Unless deliberately undone stitch-by-stitch or cut with scissors, the wire lace textile is essentially indestructible, and including the dress and ruffle coat, can be folded, bent, or reshaped, yet easily molded back to its original shape.
What did the first design look like, and was it easy to proceed to the next shape or type of garment?
The first time I tried making a garment out of wires, three years ago, was not what I imagined at all. It didn’t look polished or close enough to a lace fabric, but I really loved doing it and saw potential.
Continue reading your story on the app
Continue reading your story in the magazine
Ryan Travis Christian
Naughty by Nature
A Certain Southern Gothic
What a Day for a Daydream
Cool, Calm Composer
Shannon T. Lewis
A Performance of Many Lifetimes
A Not So Subtle Rebellion
The Bare and Bold Truth
A Most Happy Balance
Through the Wire
GEOLOGY 101 Columnar Basalt
A distinctive volcanic structure found throughout the world has been given fanciful names: “Organ Pipes” in Namibia and Victoria, Australia; “Kilt Rock” and “Samson’s Ribs” in Scotland; “Giant’s Causeway” in Northern Ireland; “Thunderstruck Rocks” in Romania; “Devils Tower” in Wyoming and “Paul Bunyan’s Woodpile” in Utah, USA; the “Baigong Pipes” in China; and the “Cliff of Stone Plates” in Vietnam. High-resolution satellite images have even shown similar as-yet-unnamed structures on Mars.
Can An Unlove Child Learn to Love?
Thirty years ago, the world discovered tens of thousands of children warehoused in Romanian orphanages, deprived of human contact and affection. They’re adults now.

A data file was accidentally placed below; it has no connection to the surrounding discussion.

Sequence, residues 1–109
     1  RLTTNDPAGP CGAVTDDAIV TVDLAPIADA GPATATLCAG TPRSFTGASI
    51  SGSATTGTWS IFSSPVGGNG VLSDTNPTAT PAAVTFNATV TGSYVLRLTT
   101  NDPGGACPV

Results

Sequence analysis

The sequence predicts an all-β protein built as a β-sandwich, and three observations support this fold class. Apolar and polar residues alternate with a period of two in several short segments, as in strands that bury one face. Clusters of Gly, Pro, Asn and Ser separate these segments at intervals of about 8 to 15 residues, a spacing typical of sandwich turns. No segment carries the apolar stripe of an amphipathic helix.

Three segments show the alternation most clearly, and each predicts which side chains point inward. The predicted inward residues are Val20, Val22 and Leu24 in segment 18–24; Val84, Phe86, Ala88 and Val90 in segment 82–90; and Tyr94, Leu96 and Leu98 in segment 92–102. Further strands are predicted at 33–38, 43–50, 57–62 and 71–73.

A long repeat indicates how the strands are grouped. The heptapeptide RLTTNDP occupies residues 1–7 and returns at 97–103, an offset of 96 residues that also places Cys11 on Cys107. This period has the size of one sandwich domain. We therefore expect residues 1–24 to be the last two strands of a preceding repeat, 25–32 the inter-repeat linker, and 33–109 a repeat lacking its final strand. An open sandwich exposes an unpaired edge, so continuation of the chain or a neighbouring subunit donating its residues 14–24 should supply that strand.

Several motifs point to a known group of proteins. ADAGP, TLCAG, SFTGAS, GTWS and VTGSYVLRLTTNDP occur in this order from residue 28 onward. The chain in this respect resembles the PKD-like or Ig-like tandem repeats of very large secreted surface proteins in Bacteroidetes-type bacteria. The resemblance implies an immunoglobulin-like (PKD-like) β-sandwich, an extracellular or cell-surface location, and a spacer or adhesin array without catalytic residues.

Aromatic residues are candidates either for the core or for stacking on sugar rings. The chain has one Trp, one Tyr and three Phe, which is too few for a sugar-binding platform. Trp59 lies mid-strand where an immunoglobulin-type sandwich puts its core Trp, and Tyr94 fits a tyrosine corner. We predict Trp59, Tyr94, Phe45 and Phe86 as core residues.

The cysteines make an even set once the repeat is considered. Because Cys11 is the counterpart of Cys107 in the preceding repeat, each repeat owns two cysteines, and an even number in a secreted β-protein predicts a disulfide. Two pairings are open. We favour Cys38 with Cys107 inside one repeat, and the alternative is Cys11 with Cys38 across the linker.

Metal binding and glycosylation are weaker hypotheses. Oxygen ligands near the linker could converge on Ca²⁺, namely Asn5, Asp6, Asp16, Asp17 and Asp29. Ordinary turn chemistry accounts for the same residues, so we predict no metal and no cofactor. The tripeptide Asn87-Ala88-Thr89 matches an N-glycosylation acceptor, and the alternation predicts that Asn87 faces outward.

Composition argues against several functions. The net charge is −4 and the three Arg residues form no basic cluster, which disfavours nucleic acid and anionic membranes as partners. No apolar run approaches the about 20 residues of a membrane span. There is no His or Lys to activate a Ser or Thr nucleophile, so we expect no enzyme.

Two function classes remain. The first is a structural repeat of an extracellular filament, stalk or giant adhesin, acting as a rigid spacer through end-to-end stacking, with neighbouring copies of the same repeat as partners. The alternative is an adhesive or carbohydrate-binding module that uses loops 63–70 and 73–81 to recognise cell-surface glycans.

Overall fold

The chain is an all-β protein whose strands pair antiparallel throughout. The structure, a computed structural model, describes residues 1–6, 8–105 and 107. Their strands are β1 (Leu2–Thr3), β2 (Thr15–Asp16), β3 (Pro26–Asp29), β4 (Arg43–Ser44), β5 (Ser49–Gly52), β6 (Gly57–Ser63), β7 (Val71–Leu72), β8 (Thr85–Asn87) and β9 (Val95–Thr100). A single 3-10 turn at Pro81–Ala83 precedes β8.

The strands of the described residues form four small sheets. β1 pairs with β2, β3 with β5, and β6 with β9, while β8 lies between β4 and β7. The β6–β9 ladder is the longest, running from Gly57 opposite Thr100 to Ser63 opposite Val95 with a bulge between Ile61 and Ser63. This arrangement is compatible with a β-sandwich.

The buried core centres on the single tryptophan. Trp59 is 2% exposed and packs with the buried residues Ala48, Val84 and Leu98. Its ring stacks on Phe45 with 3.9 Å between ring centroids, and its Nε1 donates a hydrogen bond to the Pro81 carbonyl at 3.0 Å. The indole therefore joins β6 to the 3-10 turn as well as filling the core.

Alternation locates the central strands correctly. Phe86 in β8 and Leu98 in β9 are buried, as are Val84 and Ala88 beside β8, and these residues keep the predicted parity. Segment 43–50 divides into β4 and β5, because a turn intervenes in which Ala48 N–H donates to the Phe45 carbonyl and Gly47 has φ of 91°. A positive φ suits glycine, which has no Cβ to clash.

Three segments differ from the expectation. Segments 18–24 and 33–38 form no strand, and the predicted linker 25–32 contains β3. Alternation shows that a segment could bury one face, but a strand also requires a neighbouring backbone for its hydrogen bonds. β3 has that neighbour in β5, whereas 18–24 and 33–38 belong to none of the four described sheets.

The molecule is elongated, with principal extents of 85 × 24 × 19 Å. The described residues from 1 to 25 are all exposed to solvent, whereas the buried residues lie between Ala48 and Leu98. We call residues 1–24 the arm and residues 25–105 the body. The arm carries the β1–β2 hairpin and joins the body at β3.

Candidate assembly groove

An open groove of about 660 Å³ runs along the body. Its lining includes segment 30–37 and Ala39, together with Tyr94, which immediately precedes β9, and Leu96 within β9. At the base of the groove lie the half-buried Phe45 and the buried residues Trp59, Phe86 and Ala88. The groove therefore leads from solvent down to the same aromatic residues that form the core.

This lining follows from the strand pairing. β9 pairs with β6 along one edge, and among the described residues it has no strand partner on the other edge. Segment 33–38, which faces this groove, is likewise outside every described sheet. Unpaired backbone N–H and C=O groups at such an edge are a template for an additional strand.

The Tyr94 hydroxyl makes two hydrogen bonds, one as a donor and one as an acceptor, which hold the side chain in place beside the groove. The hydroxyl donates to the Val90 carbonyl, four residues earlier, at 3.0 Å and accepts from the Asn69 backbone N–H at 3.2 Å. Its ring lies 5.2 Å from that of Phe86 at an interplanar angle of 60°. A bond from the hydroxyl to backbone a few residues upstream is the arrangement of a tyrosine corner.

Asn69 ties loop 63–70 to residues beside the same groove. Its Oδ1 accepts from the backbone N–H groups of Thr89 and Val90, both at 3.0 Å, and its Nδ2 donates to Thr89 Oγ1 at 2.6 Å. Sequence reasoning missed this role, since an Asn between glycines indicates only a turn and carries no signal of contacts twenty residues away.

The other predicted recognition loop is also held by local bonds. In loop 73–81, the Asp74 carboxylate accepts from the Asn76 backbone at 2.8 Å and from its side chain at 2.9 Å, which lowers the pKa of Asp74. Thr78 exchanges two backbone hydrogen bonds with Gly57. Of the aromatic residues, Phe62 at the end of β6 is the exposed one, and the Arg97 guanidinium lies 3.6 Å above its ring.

Revel in the newfound energy and vibrancy of Romania’s capital.
The Vampire Trail
Immerse yourself in ancient myths and one of the last refuges for Europe's wolves on a hike throughthe Transylvanian Alps
10 Best Places To Visit This New Year
The where, when and why of your next globetrotting adventure begins right here. These unspoiled and unexplored destinations will be hot property soon (according to The Lonely Planet Best In Travel 2016 guide), so get packing.
NIA recreates CSMT scene with Waze
The National Investigation Agency (NIA), along with a forensics team, on Monday reviewed the spot at Chhatrapati Shivaji Maharaj Terminus (CSMT) from where arrested assistant police inspector Sachin Waze was caught on CCTV camera taking a train to Thane on the day of the murder of Mansukh Hiran, the owner of the explosives-laden Scorpio found near Ambani’s residence. Sources said the NIA team took Waze to CSMT late at night to recreate the scene to avoid crowds.
Fire at Romanian hospital treating COVID patients kills 5
BUCHAREST (AP) – A fire early last Friday at a key hospital in Bucharest that also treats COVID-19 patients killed at least five persons, authorities said.
Time to stop humiliating sides at the World Cup
World Cups produce non-playing “villains” as well as rogues of the on-field variety.
Don Hahn’s Hand Held
‘Adopt' a museum artefact, save history this festive season
Know someone who would like a sixth-century ‘Head of a Damsel’ for Christmas? Or maybe a 400-year-old silk thangka painting of Chundhaa, goddess and protector from epidemics and diseases?